Powerlifter Stefi Cohen set three new world records earlier this year, taking her total up to a staggering 25. It was a feat that involved her dropping 10 pounds pretty much overnight, in order to be able to compete in a lower weight class — a drastic process she said she doesn’t recommend or endorse to anybody outside of the sport. When she’s not in competition, however, Cohen’s diet is pretty consistent — and she makes sure it accommodates favorites like beer and ice cream.
In a recent interview with BarBend, Cohen broke down her nutrition regimen, explaining that she’s cutting and “pretty lean right now” at 130 pounds, so eating 1,800 calories a day, compared to the 2,500 calories she eats each day when she’s in a strength cycle.
Macro-wise, Cohen eats 130 grams protein, 180 grams carbs, and 50 to 60 grams of fat. Some athletes eat more carbs on days they train to give them more energy, but Cohen keeps her intake level throughout the week. And she tends to eat the same thing every day. Here’s what an average day’s meals look like:
- Breakfast is high fat and low carb: Eggs, chicken thighs, bacon.
- Lunch: Ground beef or steak, chicken breast, rice or sweet potatoes, vegetables.
- Snack: Yogurt, fruit.
- Dinner: Beef or chicken, vegetables, sweet potatoes.
When it comes to vegetables, Cohen prefers lower-fiber options like mushrooms and spinach, as she finds fiber too filling (one of the reasons it’s good for weight loss, but not if you’re eating lots of calories while training). She also like probiotics such as kimchi, as they help the body break down and absorb foods more efficiently.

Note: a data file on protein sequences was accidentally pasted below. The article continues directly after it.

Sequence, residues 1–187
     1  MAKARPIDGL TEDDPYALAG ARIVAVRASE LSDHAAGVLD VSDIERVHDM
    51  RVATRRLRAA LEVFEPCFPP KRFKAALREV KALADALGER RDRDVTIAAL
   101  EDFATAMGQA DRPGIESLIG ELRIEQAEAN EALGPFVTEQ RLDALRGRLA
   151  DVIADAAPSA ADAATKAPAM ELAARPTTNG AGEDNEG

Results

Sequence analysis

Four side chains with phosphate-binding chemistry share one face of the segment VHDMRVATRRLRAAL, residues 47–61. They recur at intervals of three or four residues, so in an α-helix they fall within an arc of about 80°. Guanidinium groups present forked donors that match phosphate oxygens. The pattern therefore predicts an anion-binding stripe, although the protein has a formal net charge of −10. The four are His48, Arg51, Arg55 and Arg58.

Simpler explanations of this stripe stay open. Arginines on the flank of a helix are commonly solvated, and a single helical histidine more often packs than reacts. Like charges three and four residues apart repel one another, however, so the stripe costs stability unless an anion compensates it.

Perhaps most surprisingly, Cohen enjoys a beer with dinner every night. “If you fit it into your calories in the day, yeah you can,” she says. “Obviously I would never advise that someone add three or four drinks a day, because I guess that’s not good for you, but yeah, you can fit in a glass of wine or a can of beer a day.”
Cohen is also a sucker for junk food, and will often make space in her daily calorie intake for sweet treats, finding that a well-timed sugar rush can help in her training. “Sometimes I order a McFlurry, sometimes I order an ice cream cone, or I have some Oreos with milk… it gets wild sometimes,” she says. “It can help your performance, if you eat it at the right time, you know, you can have a can of regular Coke half an hour before you train, get 40 grams of sugar straight into the zone, ready to go.”